New Medicare Trustees Report Continues to Show Greater Effectiveness of Medicaid Drug Rebate Program Compared to Medicare Part D

Pharmacist Advising Client At Pharmacy

As I’ve previously written, the Medicaid drug rebate program is very effective.  It requires drug manufacturers to provide sizable rebates that significantly lower federal and state Medicaid prescription drug costs while ensuring access to needed medications for tens of millions of low-income beneficiaries.

Last week, the Medicare Trustees issued their latest annual report on the status of the Medicare program.  Among the data it released, the Trustees found that the rebates negotiated between private insurers and drug manufacturers lowered overall Medicare Part D costs by only 19.9 percent in 2016 (see Table IV.B8).

In comparison, according to the Medicaid and CHIP Payment and Access Commission, in federal fiscal year 2016, manufacturers paid $31.2 billion in rebates to the federal government and the states, lowering Medicaid prescription drug costs by 51.3 percent.

Other analysis has similarly found that the drug rebates manufacturers pay in Medicaid are far larger than what Medicare Part D plans receive.  For example, among select brand-name drugs with the highest Part D expenditures, the HHS Office of Inspector General previously determined that the median “unit rebate amount” rebate was about three times larger than under Part D in 2012 and ten times or more for many drugs.  Altarum recently estimated that relative to the full retail or “point of purchase” price for brand-name drugs, Medicaid receives rebates of about 61 percent, while Medicare Part D plans obtain rebates of about 31 percent (and private insurance plans negotiate rebates of only about 16 percent.)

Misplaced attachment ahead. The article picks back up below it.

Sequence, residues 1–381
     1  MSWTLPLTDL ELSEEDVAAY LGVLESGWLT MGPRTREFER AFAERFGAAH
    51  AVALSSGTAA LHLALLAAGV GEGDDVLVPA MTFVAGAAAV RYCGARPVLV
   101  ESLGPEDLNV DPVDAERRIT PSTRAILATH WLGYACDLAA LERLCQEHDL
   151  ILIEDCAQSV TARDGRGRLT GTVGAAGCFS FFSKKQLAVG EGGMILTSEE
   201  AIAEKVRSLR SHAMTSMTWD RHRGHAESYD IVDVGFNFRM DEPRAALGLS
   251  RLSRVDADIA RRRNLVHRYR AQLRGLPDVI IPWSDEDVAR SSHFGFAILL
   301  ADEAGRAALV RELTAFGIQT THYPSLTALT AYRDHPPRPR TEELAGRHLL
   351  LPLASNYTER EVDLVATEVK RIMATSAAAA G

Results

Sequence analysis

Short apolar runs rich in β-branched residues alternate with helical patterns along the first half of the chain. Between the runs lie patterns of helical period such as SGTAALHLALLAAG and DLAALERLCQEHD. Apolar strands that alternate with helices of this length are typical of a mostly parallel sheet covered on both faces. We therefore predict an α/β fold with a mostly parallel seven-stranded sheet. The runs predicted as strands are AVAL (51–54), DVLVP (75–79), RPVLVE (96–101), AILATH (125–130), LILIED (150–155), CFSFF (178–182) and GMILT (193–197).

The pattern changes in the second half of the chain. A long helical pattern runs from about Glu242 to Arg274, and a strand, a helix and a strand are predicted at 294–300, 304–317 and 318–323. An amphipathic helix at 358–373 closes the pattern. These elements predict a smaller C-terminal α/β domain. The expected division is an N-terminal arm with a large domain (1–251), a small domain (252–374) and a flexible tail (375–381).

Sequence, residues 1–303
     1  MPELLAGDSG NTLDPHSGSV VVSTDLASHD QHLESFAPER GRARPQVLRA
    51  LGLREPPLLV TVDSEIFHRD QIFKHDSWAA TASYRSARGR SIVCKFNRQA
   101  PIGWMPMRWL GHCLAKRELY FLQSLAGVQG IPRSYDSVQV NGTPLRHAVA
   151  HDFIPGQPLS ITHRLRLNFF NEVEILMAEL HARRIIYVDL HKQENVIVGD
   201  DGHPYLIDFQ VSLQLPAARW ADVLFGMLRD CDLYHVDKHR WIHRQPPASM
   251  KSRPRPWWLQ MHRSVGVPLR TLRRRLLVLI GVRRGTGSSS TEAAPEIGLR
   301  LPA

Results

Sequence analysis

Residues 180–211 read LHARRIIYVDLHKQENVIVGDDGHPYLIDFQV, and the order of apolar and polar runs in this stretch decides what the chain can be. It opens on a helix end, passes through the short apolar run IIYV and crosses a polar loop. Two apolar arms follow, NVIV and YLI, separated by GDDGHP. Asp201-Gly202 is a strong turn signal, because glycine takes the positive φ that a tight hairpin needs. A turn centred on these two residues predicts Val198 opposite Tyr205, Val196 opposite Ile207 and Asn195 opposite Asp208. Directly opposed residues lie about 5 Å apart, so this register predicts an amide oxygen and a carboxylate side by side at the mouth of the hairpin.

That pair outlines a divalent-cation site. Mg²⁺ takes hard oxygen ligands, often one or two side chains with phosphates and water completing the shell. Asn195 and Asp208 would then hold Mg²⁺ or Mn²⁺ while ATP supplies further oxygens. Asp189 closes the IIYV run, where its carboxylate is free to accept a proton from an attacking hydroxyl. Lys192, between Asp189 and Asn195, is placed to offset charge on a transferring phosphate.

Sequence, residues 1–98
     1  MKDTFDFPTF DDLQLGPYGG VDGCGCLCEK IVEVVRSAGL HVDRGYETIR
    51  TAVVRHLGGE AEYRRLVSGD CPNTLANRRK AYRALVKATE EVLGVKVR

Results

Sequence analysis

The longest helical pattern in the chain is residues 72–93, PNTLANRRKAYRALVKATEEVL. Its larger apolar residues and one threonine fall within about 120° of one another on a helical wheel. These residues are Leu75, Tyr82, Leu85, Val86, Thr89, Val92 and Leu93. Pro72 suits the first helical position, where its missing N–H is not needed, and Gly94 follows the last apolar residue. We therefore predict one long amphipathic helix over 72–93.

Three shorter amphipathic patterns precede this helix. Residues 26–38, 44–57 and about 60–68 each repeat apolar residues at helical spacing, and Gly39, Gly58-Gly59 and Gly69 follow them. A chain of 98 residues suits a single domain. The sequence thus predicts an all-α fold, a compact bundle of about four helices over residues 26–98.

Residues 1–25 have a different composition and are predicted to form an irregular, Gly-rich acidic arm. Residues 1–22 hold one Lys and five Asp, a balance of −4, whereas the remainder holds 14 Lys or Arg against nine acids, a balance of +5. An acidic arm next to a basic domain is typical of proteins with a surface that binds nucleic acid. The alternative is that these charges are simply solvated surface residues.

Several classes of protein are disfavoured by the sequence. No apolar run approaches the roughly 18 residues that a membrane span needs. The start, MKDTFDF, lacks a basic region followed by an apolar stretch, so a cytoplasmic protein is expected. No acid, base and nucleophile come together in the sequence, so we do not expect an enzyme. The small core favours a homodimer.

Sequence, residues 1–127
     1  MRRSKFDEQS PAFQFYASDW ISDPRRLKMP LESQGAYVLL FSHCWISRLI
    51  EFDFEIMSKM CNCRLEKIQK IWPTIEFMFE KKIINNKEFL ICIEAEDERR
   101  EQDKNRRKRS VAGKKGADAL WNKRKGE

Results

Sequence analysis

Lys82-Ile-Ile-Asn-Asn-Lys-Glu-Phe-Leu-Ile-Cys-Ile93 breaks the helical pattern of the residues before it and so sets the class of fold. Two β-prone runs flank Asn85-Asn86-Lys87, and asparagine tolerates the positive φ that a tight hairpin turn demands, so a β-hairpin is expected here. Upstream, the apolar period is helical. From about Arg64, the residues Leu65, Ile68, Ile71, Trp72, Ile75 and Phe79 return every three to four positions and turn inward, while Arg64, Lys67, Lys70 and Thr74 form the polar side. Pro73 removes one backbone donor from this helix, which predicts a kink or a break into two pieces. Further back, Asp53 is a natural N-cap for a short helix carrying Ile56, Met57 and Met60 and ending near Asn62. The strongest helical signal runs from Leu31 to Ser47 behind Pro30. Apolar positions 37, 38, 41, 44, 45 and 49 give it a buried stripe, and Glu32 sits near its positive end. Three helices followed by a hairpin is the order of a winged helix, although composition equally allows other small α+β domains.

Despite the success of the Medicaid rebate program, there is an ongoing push to weaken or undermine it, including a Trump Administration proposal to allow up to five states to opt out of the rebate program that raises serious concerns.  Such efforts could increase state Medicaid costs while placing beneficiary access to prescription drugs in substantial jeopardy.  Rising Medicaid drug costs should instead be addressed by building on and strengthening the existing rebate program.

Edwin Park
Edwin Park is a Research Professor at the Georgetown University McCourt School of Public Policy.

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